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The JumpStart Tax Stands

Notes from the Emerald City
The JumpStart Tax Stands
By Amy Sundberg • Issue #70 • View online

Seattle News
The City of Seattle won its most recent legal battle over the JumpStart tax this week, which means they can continue to levy it. This is particularly crucial given the City’s $117m projected revenue shortfall for 2023, as Seattle Times‘s Sarah Grace Taylor recently reported:
But another large part of making 2023 work will likely be asking the council to free up money earmarked for specific causes — like the Jumpstart tax — to cover general expenditures.  
You may recall that JumpStart tax revenue expenditures were a major source of conflict in last year’s budget, with then-Mayor Durkan allocating them away from the Council’s spending plan, and the Council yanking the money back to be spent as originally intended. With such a large revenue shortfall, however, we could see a different outcome in this budget season.
The public inquest into the wrongful death of Charleena Lyles has begun and will run through July 6. In spite of attempted opposition, this inquest is available for the public to watch via streaming.
Carolyn Bick continues their excellent reporting into problems at Seattle’s Office of Police Accountability (OPA) and Office of the Inspector General (OIG):
The Emerald has obtained multiple documents that show that former Office of Police Accountability (OPA) Dir. Andrew Myerberg appears to have withheld key information from the Office of Inspector General — the OPA’s accountability partner agency tasked with certifying OPA investigations — by submitting a case for certification and later adding information to the case report. In doing so, and in drawing conclusions from said information, Myerberg appears to have subverted not only the OPA’s own rules and procedures but also the City’s 2017 Accountability Ordinance.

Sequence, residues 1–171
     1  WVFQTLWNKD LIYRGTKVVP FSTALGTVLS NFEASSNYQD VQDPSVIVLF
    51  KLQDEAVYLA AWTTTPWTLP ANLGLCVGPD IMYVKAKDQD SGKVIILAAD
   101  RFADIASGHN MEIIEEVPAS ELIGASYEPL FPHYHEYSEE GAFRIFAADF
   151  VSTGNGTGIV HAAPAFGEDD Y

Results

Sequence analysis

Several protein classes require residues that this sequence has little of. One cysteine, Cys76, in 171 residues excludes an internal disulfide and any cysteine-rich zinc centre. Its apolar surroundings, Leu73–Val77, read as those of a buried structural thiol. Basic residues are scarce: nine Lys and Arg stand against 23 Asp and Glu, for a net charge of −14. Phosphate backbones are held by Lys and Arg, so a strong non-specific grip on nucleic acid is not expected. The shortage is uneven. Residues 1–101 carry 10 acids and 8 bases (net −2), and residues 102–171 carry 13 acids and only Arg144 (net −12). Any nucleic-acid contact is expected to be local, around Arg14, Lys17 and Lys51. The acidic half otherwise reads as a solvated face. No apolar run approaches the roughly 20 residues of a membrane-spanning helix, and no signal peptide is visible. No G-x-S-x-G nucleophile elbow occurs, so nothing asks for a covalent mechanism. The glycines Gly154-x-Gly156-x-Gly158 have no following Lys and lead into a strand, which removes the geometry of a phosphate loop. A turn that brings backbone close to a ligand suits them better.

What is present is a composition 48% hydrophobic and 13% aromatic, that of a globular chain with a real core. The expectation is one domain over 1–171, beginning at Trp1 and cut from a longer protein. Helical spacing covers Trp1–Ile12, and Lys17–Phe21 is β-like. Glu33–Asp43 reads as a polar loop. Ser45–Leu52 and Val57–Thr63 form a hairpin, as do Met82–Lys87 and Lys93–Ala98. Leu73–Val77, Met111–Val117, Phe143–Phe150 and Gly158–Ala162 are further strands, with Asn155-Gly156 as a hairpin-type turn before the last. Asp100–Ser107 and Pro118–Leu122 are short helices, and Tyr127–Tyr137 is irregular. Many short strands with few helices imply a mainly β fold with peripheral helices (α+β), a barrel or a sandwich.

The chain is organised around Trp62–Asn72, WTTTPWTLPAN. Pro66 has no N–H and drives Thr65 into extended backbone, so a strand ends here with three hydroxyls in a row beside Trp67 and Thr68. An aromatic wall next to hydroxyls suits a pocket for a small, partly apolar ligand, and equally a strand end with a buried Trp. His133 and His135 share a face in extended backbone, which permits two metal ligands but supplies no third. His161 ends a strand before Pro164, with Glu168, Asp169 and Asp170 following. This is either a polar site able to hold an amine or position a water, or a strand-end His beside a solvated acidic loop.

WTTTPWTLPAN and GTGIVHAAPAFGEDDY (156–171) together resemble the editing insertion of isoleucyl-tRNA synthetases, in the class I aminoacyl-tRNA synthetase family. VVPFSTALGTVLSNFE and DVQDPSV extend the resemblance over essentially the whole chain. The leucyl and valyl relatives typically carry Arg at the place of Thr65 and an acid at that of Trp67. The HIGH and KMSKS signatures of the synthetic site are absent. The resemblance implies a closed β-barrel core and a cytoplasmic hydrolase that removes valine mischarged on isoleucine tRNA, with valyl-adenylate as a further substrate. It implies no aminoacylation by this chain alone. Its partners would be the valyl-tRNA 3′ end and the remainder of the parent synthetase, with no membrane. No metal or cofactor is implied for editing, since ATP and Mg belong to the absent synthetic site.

Washington State News
It sounds like the $1.5m settlement paid out to the Nazi-sympathizing police officer in Kent might be drawing attention to the realities of some of the problems with police accountability in Washington State. Depending on how elections go this fall, we could see a renewed effort during the next session of the state legislature to address some of the problems with officer discipline. One potential vehicle for this, SB 5677, which you may remember me discussing at the beginning of the year, “would require municipalities to establish procedures that meet a set of minimum standards for receiving complaints and conducting investigations regarding “serious misconduct” by police officers.”
Recent Headlines
The Washington post - by Alec Karakatsanis
Seattle protester critically hurt by driver during BLM demonstration sues state, city, suspected driver | The Seattle Times
WA attorney general seeks to require Pierce County Sheriff Ed Troyer to post $10,000 bail | The Seattle Times
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Amy Sundberg

This newsletter covers Seattle politics and policy with a particular focus on police accountability and criminal legal reform, while also referencing relevant news in Washington State and beyond.

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